Kuwait Foreign Investment Promotion & Protection Agreement (FIPA) — went into force February 19, 2014 (Link)
Temporary Foreign Workers Program — reforms made so that Canadians are hired first (Link)
Ukrainian & Eastern European immigrants — Gov’t to distribute $10 million to educate Canadians about the internment in Canadian work camps during WWI (Link)
Ukrainian President Petro Poroshenko invited to speak in House of Commons — indicating PM Harper`s full support of the Ukrainian people (Link)
UN Global Fund contribution for mothers, newborns and young children — $540 million pledged for 2015-2020 by PM Harper and added to the $1.5 billion already promised at the G8 summit in Muskoka and G20 in Toronto, it is the largest contribution ever made by Canada to an international health institution (Link) A further commitment was made in 2014 for the 2015-2020 period for $3.5 billion.
Universal Child Care Benefit — in 2006 $1,200.00 per year for every child under age six (Link)
Universal Child Care Benefit Enhancement — effective January 1st, 2015, beginning July 1st, 2015, parents will receive $160.00 per child per month and $100.00 for children aged 6 to 17 (Link)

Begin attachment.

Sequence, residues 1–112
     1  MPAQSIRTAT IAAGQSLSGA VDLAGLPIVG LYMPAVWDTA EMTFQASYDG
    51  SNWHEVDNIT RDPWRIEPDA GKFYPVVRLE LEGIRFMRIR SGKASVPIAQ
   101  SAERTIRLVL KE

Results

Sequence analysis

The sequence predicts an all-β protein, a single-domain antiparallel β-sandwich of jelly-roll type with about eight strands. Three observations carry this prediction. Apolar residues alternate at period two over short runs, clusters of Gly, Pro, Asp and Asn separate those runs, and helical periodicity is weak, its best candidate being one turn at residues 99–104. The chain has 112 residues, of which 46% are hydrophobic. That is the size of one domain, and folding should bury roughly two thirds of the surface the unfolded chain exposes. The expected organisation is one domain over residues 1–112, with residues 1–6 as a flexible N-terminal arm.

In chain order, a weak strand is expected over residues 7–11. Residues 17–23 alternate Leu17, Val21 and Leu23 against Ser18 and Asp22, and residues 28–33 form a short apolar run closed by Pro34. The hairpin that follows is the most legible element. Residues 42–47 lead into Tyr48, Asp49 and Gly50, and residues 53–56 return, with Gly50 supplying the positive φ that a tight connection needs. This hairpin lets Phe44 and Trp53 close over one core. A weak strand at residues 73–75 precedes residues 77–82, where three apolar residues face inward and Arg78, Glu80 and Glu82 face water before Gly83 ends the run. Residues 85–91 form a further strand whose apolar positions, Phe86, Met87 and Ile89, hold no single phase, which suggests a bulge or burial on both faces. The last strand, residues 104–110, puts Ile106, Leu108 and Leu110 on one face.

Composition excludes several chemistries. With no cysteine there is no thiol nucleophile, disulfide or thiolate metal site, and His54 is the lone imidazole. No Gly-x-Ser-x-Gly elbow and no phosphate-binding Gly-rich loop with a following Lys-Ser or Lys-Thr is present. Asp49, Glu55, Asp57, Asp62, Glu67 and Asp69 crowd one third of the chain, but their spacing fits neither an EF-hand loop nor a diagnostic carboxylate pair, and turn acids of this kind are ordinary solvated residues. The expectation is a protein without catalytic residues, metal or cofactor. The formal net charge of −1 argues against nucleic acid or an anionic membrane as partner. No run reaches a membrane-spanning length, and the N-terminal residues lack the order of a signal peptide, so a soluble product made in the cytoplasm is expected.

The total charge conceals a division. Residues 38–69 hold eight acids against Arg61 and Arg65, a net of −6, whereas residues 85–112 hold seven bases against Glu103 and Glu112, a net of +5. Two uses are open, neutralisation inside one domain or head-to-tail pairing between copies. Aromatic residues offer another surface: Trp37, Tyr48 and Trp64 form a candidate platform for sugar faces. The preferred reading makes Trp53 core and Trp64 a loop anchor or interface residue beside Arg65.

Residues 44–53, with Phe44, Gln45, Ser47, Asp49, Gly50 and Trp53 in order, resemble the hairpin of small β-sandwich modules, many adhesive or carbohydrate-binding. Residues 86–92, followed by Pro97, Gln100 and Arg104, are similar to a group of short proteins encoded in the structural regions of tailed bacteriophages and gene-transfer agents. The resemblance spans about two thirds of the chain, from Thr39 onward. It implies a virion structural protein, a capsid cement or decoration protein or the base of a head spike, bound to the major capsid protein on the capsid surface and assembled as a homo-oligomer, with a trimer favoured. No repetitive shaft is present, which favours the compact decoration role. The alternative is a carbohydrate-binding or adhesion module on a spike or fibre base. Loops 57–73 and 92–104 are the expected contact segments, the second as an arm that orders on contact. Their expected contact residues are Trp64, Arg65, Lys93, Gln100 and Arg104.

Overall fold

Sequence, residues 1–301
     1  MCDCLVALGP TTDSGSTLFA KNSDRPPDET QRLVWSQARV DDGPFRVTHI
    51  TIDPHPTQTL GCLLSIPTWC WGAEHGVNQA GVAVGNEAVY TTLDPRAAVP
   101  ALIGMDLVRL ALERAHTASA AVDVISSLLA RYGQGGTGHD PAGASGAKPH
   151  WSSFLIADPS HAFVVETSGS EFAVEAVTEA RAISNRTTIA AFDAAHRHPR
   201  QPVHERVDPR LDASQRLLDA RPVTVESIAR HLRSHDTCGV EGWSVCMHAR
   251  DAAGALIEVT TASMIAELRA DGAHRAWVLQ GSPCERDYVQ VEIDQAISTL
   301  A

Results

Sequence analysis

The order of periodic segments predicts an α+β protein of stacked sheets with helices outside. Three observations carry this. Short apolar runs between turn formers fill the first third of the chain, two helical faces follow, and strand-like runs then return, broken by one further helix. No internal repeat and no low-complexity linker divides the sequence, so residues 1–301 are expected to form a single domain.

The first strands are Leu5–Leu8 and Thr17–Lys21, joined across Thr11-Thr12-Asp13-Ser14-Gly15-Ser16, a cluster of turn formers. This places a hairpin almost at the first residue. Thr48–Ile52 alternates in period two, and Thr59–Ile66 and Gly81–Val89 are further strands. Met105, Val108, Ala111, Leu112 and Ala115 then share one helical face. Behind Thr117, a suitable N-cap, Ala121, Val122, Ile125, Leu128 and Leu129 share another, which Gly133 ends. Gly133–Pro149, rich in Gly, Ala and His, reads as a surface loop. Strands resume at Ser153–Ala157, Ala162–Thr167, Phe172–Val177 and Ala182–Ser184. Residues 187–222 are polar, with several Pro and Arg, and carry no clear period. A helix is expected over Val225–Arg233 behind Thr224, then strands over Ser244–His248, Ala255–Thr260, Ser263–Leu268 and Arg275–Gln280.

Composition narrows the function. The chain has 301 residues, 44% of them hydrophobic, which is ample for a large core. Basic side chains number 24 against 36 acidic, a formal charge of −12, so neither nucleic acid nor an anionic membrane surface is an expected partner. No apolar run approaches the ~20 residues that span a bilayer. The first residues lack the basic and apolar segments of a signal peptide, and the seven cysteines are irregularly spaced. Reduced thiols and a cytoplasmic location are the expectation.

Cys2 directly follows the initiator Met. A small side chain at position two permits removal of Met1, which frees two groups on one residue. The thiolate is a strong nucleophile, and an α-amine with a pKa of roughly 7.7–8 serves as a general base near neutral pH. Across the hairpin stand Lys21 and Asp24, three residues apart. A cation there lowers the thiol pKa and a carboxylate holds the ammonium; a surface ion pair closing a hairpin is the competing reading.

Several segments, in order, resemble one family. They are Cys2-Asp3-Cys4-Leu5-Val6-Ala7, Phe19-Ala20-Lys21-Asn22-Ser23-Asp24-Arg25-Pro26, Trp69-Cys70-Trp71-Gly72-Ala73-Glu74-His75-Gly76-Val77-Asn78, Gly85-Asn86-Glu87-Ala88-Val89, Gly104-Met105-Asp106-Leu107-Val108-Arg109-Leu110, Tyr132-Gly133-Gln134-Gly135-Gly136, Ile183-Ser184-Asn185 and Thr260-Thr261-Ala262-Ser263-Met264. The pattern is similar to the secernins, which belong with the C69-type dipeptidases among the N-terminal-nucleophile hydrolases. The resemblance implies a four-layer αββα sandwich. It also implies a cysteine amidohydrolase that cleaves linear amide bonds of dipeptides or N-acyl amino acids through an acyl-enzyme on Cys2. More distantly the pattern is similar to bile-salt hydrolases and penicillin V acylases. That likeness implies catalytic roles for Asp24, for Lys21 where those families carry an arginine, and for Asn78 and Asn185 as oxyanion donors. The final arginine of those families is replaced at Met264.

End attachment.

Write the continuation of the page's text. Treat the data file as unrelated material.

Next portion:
Victims Bill of Rights — Bill C-32 passed on June 18th, 2014 — (Link) (Link)
White Collar Crime Act — Bill C-21 was reintroduced after the May 2, 2011 federal election and became law on November 1, 2011 (Link)
hat tip canadianelection2015.wordpress.com via http://newswatchcanada.ca/
50+ tax relief measures since Canada’s Harper Conservatives came to power
The Conservative Government, with Stephen Harper at the helm, needs another majority mandate on October 19, 2015 because they are the only federal political party that doesn't think they know better how to spend our hard-earned money, particularly those of us in the “Middle Class.”
There is an old saying, something to the effect, that the proof is in the pudding, or in the eating of the pudding. Below — in both topic and chronological order — are some 50+ tax relief highlights of the pudding we are now eating. (Please note the various federal budgets are listed in the “Endnotes”).